• va_read_iter_t*: this is an internal type to read from strings. There are quite a few constraints on how to define a proper va_read_iter_t, which are not all documented here.

  • va_span_t*: this is a length delimited string for printing non-NUL terminated strings or prefixes of strings. It is an alternative way to specify the string size in the argument directly instead of using the precision in the format specifier. When strings are specified this way, embedded U+0000 (NUL) characters are passed down, so quotation may print them as \u0000 or \000 or similar. NUL characters are never printed verbatim into the output stream, however, because the output stream is assumed to be text.

  • va_span16_t*: the same as va_span_t, but for char16_t strings.

  • va_span32_t*: the same as va_span_t, but for char32_t strings.

  • va_print_t*: user-defined printer for a value of an arbitrary type (there is a separate chapter on this, below).

  • anything else: is tried to be converted to a pointer and printed in hexadecimal encoding by default, i.e., in ~x format.

Library Modules

Printing Into Fixed Size Arrays

#include <va_print/char.h>

To print into an string of characters up to a given number of elements in the array, the following function can be used, and it returns the pointer to the string. The resulting string is always NUL terminated, i.e., the maximum string length is one less than the passed element count.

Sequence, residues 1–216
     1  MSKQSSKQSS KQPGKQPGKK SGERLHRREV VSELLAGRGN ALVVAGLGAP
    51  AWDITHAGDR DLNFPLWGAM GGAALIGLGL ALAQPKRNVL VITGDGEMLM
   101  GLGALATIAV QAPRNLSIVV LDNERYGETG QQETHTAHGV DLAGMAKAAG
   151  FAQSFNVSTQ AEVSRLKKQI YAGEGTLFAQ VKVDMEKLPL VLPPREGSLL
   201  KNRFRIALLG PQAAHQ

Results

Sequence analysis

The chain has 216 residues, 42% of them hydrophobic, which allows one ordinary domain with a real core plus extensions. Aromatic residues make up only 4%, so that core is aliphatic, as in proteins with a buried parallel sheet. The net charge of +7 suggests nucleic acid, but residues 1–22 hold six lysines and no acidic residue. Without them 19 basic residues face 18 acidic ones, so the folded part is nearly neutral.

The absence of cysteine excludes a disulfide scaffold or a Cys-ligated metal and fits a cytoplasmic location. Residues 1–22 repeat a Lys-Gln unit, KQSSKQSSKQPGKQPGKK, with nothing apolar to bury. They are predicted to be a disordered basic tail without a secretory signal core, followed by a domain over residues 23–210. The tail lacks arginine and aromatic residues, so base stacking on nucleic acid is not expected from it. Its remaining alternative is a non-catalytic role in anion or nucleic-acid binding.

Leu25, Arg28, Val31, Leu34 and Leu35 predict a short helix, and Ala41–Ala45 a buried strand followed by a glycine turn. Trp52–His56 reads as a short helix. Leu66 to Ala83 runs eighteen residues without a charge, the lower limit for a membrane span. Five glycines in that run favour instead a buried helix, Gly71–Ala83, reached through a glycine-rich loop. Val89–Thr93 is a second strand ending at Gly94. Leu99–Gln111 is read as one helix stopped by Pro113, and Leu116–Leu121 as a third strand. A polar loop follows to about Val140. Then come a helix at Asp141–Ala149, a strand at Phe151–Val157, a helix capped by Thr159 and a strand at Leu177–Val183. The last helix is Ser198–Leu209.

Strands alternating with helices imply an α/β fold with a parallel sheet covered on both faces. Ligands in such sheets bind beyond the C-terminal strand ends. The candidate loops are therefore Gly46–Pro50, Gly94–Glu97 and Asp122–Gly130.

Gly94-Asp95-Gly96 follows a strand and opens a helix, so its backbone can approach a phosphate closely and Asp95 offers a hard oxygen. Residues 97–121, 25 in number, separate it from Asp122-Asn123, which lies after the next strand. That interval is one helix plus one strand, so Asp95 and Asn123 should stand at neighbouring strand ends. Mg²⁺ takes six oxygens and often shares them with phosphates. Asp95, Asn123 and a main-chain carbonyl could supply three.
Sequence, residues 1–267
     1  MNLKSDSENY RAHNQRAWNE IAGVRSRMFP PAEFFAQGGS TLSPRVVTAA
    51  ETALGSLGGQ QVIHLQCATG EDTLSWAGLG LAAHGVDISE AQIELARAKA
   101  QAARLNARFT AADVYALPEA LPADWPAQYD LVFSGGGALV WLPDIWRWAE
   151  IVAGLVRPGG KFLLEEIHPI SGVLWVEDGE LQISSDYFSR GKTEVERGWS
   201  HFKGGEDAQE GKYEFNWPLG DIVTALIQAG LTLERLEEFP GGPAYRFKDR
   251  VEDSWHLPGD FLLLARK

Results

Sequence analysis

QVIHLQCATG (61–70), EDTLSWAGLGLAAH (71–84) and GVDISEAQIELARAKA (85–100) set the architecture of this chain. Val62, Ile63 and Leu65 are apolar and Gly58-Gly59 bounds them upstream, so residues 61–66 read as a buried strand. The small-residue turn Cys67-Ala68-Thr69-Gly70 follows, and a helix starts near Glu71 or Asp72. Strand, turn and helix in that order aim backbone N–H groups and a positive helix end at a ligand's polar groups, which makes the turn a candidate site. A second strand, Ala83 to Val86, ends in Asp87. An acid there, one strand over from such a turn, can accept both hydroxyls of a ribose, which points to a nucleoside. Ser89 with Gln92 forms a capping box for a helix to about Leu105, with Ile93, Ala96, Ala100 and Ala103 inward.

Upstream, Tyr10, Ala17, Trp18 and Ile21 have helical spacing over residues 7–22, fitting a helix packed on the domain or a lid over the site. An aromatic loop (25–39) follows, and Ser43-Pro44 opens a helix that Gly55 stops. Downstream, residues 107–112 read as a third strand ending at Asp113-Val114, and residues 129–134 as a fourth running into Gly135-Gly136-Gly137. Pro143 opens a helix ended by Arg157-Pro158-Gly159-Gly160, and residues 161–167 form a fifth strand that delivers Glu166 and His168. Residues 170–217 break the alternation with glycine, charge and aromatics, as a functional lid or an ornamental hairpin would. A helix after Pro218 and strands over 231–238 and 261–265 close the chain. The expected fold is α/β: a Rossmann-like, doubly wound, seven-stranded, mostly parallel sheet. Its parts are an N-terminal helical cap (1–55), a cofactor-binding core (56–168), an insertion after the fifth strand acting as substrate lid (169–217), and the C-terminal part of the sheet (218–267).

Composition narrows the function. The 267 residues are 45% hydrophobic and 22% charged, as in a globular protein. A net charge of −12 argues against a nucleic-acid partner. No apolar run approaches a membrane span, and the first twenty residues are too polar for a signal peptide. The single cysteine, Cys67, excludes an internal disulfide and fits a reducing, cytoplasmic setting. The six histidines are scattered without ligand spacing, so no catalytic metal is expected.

char s[20];
char *t = va_snprintf(s, sizeof(s), "foo~s", 5);
assert(s == t);

The target buffer's type may be 8, 16, or 32 bit characters -- no need to use a different function. For anything but char buffers, use va_countof() for the array size, so that the number of elements, not the number of bytes, is used as the string size.

char16_t s1[20];
char16_t *t1 = va_snprintf(s1, va_countof(s1), "foo~s", 5);

char32_t s2[20];
char32_t *t2 = va_snprintf(s2, va_countof(s2), "foo~s", 5);

The va_countof() values is inferred when using va_sprintf. This is different from the standard C sprintf function, which unsafely assumes a sufficiently large string -- you cannot express that with this library, but you'd have to use snprintf with a large size instead.

char s[20];
char *t = va_sprintf(s, "foo~s", 5);

It is possible to print into a compound literal of a given size and return the pointer to that string. In this case, no character array can be used to infer the string type, so it is encoded in the function name. There are functions for char, char16_t, and char32_t strings, as well as a generic version that takes as first argument the string character type.

char     *t1a = va_nprintf (20, "foo~s", 5);
char16_t *t2a = va_unprintf(20, "foo~s", 5);
char32_t *t3a = va_Unprintf(20, "foo~s", 5);
char     *t1b = va_gnprintf(char, 20, "foo~s", 5);
char16_t *t2b = va_gnprintf(char16_t, 20, "foo~s", 5);
char32_t *t3b = va_gnprintf(char32_t, 20, "foo~s", 5);

The stream for printing can also be generated separately and then used for iterative printing using va_iprintf. The stream makes sure not to print past the end of the char array.

char buff[20];
va_stream_char_p_t stream = VA_STREAM_CHAR_P(buff, va_countof(buff));
va_iprintf(&stream, "foo");
va_iprintf(&stream, "bar ~u", 55);
va_iprintf(&stream, "longer than the string, will be cropped");

There is a stream.pos counter for the current write index in the array, i.e., the string length of the encoded byte sequence. pos increments up to stream.size-1, but no further (note that size==0 is an illegal configuration, because then there is no space for NUL terminating the string).